> Then we have properties of a thing, and dimensions as a property of
> those properties. And interesting constraints or properties about what
> we can measure in some of those dimensions in our domain of discourse.
>
> Coming back to the more immediate space of business problems and
> semantic modeling of them, can't we simply recognise that here are some
> things that have an extent in space and time, along with optionally a
> mass, a charge and so on, and that these properties each present
> particular differences as to how a given property, which occupies a
> given kind of dimension, are modeled. Including for example the unique
> challenges of causality, which means that historical facts can be nailed
> down in a simple space of spatial and temporal facts, while the "future"
> presents unique modeling requirements based on for example how and by
> whom it is predicted. These become problems of provenance.
>
> My favourite practical example about dealing with the future is the
> floating rate note (FRN). This is a bond which pays a rate of interest
> that is pegged to some variable interest rate (say, the London Interbank
> Offer Rate). Suppose this is reset at the end of each month. Then the
> current value of the bond is based on the value of its future cashflows,
> which are a known unknown. Each day, my best guess about the present
> value is based on the future rate of this bond. This is a calculation of
> what the next reset rate would be if it were calculated according to
> today's interest rate, this being the most up to date information I
> have.
>
> Now, for risk management and compliance purposes, I may need to have a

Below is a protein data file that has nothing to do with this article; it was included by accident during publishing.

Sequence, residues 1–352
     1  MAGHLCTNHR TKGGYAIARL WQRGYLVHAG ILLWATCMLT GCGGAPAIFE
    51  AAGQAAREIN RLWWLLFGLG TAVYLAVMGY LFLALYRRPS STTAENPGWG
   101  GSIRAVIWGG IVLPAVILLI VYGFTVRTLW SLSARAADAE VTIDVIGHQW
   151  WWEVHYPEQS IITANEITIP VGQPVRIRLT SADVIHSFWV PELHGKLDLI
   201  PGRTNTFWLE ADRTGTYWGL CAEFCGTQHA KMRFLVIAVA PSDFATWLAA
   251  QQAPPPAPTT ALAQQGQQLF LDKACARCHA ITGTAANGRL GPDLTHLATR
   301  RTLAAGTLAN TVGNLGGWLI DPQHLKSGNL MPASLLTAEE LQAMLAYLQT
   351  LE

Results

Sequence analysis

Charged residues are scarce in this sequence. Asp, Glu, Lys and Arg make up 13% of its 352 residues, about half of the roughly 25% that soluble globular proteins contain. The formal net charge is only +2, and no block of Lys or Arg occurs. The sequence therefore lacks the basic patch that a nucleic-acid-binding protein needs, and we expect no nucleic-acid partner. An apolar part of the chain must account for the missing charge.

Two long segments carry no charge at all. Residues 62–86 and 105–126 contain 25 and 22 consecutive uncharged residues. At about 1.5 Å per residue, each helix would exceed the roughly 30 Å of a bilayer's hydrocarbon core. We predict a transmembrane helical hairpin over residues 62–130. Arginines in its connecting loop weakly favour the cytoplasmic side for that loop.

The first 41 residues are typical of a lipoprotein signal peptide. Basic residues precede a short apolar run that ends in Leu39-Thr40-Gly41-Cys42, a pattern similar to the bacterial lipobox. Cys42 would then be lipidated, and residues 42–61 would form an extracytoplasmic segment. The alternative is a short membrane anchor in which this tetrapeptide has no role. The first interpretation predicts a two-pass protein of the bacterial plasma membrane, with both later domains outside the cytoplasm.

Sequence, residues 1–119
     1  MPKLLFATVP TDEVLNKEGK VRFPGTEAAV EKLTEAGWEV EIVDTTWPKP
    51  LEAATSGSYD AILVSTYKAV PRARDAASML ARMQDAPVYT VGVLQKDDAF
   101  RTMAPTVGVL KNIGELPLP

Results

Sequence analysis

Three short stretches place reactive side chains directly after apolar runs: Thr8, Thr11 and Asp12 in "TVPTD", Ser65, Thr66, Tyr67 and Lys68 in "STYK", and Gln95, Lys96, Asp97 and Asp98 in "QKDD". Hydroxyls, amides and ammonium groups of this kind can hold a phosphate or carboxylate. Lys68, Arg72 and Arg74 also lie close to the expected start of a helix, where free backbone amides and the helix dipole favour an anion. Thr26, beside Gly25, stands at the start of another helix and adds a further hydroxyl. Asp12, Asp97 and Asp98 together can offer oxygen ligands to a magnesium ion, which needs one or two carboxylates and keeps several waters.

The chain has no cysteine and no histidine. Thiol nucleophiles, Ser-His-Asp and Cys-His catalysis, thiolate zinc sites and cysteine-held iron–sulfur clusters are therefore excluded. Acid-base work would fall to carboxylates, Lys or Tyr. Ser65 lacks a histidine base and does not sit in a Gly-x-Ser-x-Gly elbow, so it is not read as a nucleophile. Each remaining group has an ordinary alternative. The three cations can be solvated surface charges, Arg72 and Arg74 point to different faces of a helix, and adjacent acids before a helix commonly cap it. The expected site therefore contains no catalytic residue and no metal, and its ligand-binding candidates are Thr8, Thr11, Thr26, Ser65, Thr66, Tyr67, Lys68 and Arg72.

> record of what I perceived the current value of a bond to be at the
> moment I purchased it. If I purchased a FRN a week ago, then I now know
> what it's projected future interest rate (and so current value) is
> today, but I also know what I thought that future value was a week ago.
> These two valuations (past and
> present) are based on the two estimates of the future value of the same
> variable.
>
> That is, there is a time series, in the past, of projected future values
> of the same quantity  the reset rate at the end of this month, along
> with the full set of bond analytics based on current value, that depend
> on this. And these past values matter because they were the basis on
> which investment decisions were made. So there will be data in a system
> somewhere whose meaning we would rather like to ontologize.
>
> If we fail to account for the unique challenges presented by the arrow
> of time, I'm not sure we would be able to properly model these sorts of
> scenarios. Time is not just a dimension, it's a dimension along which
> every point in the past possesses an infinite number of unknowns about
> its future. We have a future, but every past has a future of its own.
>
> Mike
> (014)